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Distribution: Lots of distros in the past, now Linux Mint
Linux jobs are a little like PC jobs in the early 80's. Great if you had one, they paid well, etc. Unfortunately, most of the time, to get a linux job, you have to create one. Most MS'ers aren't going to take your idea to install linux lying down (it makes them look bad not to know anything about linux when you do, like the old mainframers fighting pcs, but on a much more critical scale).
For now, it's probably best to be a microslave with a "hidden agenda", unless you're lucky enough to have a boss that worships your computer ability. (Just make sure you can back it up!) For the rest of IT personnel, suggesting Mozilla, Openoffice, and other OSS products is a great way to open people's minds.
That is exactly what I did, I have pretty much created my linux position, I came to work as a pc repair guy and then started with one server and my linux workstation, it worked so well that I got to do a second server, and now we are in the proccess of replacing all the windows servers with linux servers. And the more we do with linux the more stable it becomes, just be careful don't sell something you can't do. You don't want to tell everyone to switch everything to linux and then not be able to do it, it will make you and linux look bad and you probably won't get another chance.
I build people systems every so often and i am considering using linux for the next one i build, but i dont want to end up getting called every 5 minutes asking how do i do this. It kinda depends on the person and what they are gonna do with it. It would be cool to introduce someone that is a M$ slave to Linux.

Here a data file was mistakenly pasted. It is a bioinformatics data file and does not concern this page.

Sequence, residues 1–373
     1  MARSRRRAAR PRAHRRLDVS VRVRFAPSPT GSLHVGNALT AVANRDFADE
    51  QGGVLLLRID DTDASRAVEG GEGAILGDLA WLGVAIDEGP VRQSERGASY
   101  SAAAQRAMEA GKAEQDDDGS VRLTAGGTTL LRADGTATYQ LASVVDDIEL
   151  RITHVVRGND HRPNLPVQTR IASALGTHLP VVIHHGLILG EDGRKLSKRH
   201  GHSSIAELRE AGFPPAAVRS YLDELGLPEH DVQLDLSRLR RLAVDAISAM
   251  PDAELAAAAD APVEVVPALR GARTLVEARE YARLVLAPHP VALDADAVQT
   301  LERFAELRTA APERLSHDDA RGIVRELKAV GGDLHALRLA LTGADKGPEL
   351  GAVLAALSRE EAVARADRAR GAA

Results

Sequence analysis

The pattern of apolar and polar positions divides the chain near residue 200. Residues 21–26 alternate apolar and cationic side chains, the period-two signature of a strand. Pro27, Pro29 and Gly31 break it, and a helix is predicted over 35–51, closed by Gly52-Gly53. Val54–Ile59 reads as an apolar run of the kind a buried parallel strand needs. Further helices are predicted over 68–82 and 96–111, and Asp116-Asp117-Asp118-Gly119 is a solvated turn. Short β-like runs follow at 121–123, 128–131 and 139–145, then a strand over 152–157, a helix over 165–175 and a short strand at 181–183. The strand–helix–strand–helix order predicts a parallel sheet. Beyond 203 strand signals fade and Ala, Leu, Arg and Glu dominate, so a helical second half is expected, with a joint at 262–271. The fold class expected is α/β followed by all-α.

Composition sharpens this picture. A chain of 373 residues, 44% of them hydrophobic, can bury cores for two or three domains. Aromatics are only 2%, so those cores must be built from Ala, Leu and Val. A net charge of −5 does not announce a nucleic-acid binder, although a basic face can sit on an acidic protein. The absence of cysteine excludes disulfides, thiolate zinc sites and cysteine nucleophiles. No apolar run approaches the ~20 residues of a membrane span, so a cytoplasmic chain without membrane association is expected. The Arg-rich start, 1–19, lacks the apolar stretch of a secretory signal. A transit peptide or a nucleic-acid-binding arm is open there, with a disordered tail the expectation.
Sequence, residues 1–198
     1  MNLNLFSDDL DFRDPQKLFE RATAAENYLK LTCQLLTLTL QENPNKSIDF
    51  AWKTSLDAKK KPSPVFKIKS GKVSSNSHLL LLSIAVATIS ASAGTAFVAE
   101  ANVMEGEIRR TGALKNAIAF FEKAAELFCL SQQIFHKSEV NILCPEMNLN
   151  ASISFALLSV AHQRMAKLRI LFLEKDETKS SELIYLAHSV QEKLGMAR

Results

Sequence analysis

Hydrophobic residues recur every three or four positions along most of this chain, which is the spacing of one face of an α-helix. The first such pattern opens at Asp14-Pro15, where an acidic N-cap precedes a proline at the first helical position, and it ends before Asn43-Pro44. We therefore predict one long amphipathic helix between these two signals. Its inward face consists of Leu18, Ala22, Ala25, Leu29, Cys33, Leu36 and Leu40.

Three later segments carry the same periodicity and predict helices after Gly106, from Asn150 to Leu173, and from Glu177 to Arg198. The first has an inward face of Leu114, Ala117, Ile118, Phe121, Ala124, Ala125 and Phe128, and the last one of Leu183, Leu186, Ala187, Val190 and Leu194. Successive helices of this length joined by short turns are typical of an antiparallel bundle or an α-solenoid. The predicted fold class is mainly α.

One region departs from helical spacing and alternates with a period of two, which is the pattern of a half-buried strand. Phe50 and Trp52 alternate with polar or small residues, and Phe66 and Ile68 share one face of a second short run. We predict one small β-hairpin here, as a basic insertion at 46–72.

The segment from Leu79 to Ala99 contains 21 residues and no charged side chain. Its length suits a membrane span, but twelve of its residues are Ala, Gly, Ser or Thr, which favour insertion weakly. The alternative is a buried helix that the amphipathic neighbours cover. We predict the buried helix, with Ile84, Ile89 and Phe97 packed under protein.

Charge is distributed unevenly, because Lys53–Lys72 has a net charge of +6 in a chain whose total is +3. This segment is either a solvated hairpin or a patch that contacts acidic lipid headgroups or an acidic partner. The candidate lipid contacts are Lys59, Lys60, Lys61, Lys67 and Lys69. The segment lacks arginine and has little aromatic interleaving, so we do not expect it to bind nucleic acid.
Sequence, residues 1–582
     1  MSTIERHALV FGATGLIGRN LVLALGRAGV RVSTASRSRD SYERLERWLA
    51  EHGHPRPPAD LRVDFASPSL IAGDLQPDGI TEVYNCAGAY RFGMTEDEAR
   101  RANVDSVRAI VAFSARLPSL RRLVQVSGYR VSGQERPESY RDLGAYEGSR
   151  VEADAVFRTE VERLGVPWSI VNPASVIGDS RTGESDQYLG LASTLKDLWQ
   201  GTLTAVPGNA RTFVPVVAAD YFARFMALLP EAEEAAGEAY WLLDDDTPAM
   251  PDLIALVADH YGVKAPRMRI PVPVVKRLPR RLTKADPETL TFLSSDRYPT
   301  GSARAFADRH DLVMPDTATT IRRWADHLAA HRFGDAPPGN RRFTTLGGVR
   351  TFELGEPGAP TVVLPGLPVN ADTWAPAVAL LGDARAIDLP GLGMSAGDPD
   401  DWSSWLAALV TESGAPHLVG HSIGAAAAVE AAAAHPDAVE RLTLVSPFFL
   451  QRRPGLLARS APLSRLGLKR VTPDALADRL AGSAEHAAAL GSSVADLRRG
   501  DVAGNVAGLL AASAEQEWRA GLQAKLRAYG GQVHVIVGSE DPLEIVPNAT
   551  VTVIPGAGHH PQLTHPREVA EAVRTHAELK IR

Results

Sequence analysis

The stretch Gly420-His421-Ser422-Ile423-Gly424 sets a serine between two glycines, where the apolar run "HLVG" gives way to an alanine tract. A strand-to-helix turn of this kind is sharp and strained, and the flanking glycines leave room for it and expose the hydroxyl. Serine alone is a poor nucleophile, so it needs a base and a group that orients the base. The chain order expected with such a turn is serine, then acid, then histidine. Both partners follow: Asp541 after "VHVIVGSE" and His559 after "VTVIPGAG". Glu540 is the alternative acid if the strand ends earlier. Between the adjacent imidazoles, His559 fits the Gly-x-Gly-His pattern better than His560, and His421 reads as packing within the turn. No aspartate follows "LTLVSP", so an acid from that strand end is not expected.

sysadmin, tons of jobs dealing with server admin'ing.
programming, developing, configuring file, mail, ftp, and webservers for a big company. The way i see it, there are lots of potential implementations of linux possible, but all the webhosts already have their linux gurus's
Starting a small company would be a nice shot. Make it portable stuff that can run multiplatform. If you make something good, make it for a nice price, otherwise let it be free until you make it good enough. In the future, if you are succeed, charge all Windows users really high, but let the stuff free to Linux users, or way cheaper... I'd really like to do that
There is lots of Linux stuff out there. A lot of companies on these boards are looking for people port existing solutions to Linux or help create solutions for Linux. One problem though is that they don't have anyone experianced with Linux so they're looking for project leads. I think it's safe to say you'd better know what you're talking about if apply for those positions.
I thought it was cool that both nvidia and macromedia are looking for more developers to tinker with their Linux products.